Mother Pelican
A Journal of Solidarity and Sustainability

Vol. 11, No. 3, March 2015
Luis T. Gutiérrez, Editor
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A New Economy for a Regenerative Society

Carlos Cuellar Brown

This article was originally published in
Transformation, 30 January 2015
under a Creative Commons License

Most of the products of our growth-addicted economy are useless, obsolete and unnecessary junk that do not contribute to our human purpose; on the contrary they impoverish, deplete and contaminate our eco-livelihood.

Time to end mass consumption. Flickr/Natalie Maynor. Some rights reserved.
Humanity needs a wide set of solutions as it transits the transformative path to a regenerative society. In the enactment of this transition, motivation and heart-felt commitment are central to civil action. As economist Andrew Simms reminds us: “when there is commitment, extraordinary things can be achieved.” These extraordinary things are the kind of spirit and urgency we need to spread as we chart this transition forward. The need to envision a desired endpoint for a new economy is central to this new paradigm.

The old economy based on aggregate growth has become uneconomic and is highly energy reliant and dependent on the endless consumption of Earth’s resources; it is also based on unlimited aggregate quantification that leads to an unmanageable and oversized economy. “Growth economies”, writes Herman Daly, “become an absurdity when their scales grow beyond the biophysical limits of their subsets.”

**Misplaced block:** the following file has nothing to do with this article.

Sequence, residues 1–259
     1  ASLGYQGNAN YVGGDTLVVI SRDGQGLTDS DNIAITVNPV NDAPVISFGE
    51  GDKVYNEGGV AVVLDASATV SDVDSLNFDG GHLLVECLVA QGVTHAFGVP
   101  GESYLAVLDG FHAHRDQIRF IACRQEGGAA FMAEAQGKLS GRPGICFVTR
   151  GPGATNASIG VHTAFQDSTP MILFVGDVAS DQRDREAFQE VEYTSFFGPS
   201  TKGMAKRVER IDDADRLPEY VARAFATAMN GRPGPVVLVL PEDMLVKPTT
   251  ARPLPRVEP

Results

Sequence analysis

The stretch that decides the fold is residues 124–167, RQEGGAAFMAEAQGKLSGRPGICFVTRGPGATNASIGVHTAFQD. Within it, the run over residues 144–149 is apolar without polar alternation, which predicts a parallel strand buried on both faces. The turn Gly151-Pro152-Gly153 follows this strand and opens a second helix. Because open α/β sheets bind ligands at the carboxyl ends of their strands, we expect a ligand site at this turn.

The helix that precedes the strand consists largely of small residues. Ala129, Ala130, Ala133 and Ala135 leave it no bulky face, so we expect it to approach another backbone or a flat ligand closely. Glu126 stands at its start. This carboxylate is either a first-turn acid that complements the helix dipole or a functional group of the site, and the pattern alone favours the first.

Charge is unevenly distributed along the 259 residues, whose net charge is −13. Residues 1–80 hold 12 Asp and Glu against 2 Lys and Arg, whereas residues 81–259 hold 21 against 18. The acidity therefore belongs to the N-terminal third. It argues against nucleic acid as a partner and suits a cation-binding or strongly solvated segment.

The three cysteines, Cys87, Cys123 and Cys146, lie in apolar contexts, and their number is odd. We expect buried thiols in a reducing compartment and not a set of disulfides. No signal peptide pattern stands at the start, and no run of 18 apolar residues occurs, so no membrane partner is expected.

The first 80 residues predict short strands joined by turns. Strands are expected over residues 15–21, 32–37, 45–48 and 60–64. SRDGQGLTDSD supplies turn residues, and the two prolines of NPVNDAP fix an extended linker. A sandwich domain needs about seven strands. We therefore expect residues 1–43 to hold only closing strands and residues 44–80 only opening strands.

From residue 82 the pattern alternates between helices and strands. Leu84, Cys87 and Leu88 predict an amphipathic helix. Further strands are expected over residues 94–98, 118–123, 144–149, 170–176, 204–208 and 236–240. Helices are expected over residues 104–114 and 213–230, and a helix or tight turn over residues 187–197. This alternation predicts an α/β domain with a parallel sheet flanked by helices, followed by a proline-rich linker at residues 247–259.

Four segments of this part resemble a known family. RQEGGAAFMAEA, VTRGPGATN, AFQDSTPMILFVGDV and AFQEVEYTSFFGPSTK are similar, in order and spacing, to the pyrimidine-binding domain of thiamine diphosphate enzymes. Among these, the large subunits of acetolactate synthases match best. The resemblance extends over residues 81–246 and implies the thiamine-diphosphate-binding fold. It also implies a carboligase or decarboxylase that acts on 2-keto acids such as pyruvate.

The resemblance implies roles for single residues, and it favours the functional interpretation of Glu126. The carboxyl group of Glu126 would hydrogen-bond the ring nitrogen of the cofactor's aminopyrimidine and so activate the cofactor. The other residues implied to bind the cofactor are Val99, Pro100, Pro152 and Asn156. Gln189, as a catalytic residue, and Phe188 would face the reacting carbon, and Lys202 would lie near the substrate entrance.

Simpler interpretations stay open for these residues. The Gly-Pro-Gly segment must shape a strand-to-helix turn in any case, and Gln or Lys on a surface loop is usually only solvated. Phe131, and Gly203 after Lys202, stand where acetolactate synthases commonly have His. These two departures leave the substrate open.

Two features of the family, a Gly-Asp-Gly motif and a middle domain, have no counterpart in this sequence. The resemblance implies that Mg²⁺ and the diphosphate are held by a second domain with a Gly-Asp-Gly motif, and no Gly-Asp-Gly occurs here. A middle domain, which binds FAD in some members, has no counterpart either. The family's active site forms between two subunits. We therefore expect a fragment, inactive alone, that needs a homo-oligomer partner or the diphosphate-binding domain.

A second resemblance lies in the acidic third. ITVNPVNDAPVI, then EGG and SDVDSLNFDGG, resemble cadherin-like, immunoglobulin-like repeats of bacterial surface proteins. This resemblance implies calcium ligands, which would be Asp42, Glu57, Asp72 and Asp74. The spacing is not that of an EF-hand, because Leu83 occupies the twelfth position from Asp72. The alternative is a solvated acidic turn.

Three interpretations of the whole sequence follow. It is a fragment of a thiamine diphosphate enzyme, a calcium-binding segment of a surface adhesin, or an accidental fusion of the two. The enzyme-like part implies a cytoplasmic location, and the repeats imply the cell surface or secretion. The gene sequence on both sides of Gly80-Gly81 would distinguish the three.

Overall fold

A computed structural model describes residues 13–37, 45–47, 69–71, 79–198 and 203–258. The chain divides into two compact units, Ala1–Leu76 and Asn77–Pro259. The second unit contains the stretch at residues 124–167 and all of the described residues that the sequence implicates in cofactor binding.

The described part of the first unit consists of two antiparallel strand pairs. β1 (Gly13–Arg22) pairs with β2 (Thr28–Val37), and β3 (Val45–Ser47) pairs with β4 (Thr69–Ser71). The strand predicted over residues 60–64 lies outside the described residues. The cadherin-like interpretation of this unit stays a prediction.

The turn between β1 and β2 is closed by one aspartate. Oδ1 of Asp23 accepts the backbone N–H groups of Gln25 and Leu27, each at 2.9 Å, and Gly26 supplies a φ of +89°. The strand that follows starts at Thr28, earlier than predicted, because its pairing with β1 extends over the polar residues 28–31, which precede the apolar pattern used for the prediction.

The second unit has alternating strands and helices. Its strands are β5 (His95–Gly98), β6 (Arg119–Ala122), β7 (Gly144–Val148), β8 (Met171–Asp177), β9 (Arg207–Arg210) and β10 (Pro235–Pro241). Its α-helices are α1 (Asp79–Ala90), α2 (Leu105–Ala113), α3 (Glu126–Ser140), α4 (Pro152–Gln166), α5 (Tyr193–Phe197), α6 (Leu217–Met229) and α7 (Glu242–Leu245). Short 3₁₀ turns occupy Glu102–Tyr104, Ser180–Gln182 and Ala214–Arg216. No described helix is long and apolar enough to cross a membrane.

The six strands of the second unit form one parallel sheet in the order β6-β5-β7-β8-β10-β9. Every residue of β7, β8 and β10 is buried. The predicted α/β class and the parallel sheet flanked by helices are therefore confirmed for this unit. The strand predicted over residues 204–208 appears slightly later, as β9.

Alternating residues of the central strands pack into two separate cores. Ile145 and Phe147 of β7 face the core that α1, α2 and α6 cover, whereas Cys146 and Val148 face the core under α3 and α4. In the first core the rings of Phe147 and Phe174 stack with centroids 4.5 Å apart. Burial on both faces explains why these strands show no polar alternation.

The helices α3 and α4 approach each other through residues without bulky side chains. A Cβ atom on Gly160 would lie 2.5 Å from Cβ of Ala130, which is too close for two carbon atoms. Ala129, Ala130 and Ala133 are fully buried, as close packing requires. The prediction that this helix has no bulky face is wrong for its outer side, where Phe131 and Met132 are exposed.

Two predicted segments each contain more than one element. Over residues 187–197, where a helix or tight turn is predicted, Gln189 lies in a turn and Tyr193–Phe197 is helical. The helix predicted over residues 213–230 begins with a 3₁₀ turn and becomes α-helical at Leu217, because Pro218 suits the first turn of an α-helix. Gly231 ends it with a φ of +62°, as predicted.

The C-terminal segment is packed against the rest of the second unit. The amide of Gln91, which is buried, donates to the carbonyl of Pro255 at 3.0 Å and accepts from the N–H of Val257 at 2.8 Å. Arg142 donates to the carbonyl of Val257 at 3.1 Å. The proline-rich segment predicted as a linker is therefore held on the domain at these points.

Unlimited growth is impossible

Modern economists say that a robust economy is one that continues to grow and grow. What they are also saying is that the economic structure needs to keep bursting at its seams, growing imperviously to create new markets. This is impossible in a closed system like Earth. Unlimited economic growth is not only impossible but it is also reckless and not based on biophysical reality. However for two centuries, growth economies have set the course, pegged to standard measurements representing GNP or GDP and other utilities. These economic indicators promote a society whose primary objective is economic expansion, which leads to wasteful hyper consumption.